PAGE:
HOUSTON – The defiant Wayne Dolcefino.
He was a T.V. journalist for ABC13 for decades. Then he went into private consulting. He makes videos. He investigates corruption for clients.
Sometimes he carries a pen with a hidden camera.
In 2020, Dolcefino was investigating a Harris County, Texas, commissioner and his wife. On June 30, he entered Judge Darrell Jordan’s courtroom. He had his pen with the camera.
Dolcefino asked the judge why he ignored complaints alleging public corruption.
The judge told Dolcefino not to ask questions. The court was in session.
The courtroom was empty, except for the judge, his clerk, and a bailiff.
Dolcefino asked again.
Judge Jordon threatened to hold him in contempt.
Dolcefino said, “You want to hold me in contempt for simply asking questions? Go ahead. I mean, we’re just trying to find out why our complaints have gone unanswered.”
Judge Jordan ordered the bailiff to arrest him. She escorted him to a holding cell conveniently located next to his courtroom.
Jordan had Dolcefino shackled within a few hours and taken to Harris County jail. Dolcefino spent the night there.
The following day, television cameras recorded guards returning Dolcefino to Jordan’s courtroom. Dolcefino was in handcuffs and a jail-issued orange jumpsuit.
The judge took his seat on the bench. He was the prosecution, judge, and jury.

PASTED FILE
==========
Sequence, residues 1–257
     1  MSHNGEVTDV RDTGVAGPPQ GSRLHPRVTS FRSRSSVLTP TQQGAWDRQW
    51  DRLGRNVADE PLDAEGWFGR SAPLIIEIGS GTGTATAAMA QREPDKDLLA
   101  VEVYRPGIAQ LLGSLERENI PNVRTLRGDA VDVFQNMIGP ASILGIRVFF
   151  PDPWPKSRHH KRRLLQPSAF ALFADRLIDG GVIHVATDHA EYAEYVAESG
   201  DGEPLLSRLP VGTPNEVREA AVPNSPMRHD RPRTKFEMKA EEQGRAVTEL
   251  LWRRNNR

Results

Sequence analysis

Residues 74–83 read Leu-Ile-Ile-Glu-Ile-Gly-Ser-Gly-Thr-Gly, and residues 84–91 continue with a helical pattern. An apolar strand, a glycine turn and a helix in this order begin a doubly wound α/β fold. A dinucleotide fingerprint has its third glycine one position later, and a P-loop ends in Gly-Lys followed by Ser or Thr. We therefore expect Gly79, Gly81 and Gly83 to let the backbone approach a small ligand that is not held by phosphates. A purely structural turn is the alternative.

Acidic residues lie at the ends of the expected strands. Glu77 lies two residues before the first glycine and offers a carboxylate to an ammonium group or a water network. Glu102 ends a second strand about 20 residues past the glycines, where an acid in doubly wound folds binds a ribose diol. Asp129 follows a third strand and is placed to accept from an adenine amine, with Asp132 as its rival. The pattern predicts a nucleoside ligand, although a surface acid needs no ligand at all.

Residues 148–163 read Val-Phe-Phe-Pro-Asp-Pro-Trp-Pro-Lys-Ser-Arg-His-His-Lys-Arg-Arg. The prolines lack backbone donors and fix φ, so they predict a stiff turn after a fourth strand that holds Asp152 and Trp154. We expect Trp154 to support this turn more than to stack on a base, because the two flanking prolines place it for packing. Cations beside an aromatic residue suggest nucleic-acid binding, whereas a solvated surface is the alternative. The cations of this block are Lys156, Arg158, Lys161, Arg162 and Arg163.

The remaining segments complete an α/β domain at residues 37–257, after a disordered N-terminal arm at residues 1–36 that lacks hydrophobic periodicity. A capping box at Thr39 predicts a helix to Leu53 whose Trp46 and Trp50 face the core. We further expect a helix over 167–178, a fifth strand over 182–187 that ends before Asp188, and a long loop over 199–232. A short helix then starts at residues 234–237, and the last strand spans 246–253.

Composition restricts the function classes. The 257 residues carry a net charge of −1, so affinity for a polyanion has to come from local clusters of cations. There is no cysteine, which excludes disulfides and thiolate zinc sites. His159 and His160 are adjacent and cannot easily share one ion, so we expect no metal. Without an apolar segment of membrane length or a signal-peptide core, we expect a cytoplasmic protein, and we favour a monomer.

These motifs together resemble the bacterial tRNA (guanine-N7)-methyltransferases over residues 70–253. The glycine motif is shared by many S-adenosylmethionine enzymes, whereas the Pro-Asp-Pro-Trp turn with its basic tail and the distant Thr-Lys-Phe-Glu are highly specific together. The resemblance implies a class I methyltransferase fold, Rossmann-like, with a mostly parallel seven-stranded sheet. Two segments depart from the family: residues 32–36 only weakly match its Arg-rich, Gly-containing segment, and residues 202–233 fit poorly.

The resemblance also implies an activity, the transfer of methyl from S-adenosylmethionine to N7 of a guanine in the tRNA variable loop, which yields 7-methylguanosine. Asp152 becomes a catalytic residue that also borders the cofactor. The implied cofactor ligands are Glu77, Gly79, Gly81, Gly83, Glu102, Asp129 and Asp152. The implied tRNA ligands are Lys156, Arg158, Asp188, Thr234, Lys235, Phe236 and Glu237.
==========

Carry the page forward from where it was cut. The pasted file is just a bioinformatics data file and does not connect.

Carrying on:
He found Dolcefino was guilty of “Direct Contempt.”
Where the judge went wrong was in his evidence, in his role as prosecutor.
The judge described it a little different.
He said, “The spectator was disrupting court. He was warned three times, “Have a seat or leave the courtroom.” He refused. Kept demanding to interview judge. Upon final warning, judge stated he would be held in custody, to which spectator responded, “‘You do what you have to do.'”
He sentenced him to three days in jail and 180 days of probation.
Dolcefino went back to the county jail to complete his sentence.
Dolcefino appealed his conviction with the Texas Court of Criminal Appeals.
Judge Jordan added probation conditions. Dolcefino now had to carry an alcohol monitor and submit to random drug tests.
The appellate judges asked Judge Jordan his reason for arresting Dolcefino. He told them he disrupted his court while in session.
Dolcefino showed the appeals court a video recorded with a pen camera.
The appeals court held that the contempt charge “is not supported by the habeas corpus record.” This was judicial payback and indefensible. They overturned Dolcefino’s conviction.
Dolcefino filed a criminal complaint against Judge Jordan.
Fort Bend District Attorney Brian Middleton took the case. Prosecutors spent months investigating.
A Harris County Grand Jury indicted Judge Jordan for “official oppression,” a Class A misdemeanor prosecuted in felony court.
The indictment says he illegally held and punished Dolcefino without a hearing. Police arrested, processed, and released Judge Jordan on bond.
Dolcefino filed a complaint with the Judicial Conduct Commission to remove the judge.
“This guy does not deserve to be on the bench, period,” said Dolcefino. “If I had not had a hidden camera on me that day, Judge Jordan would not have been indicted. No one would have been able to argue about the violation of my rights that day.”
“There is no week nor day nor hour when tyranny may not enter upon this country, if the people lose their roughness and spirit of defiance”- Walt Whitman.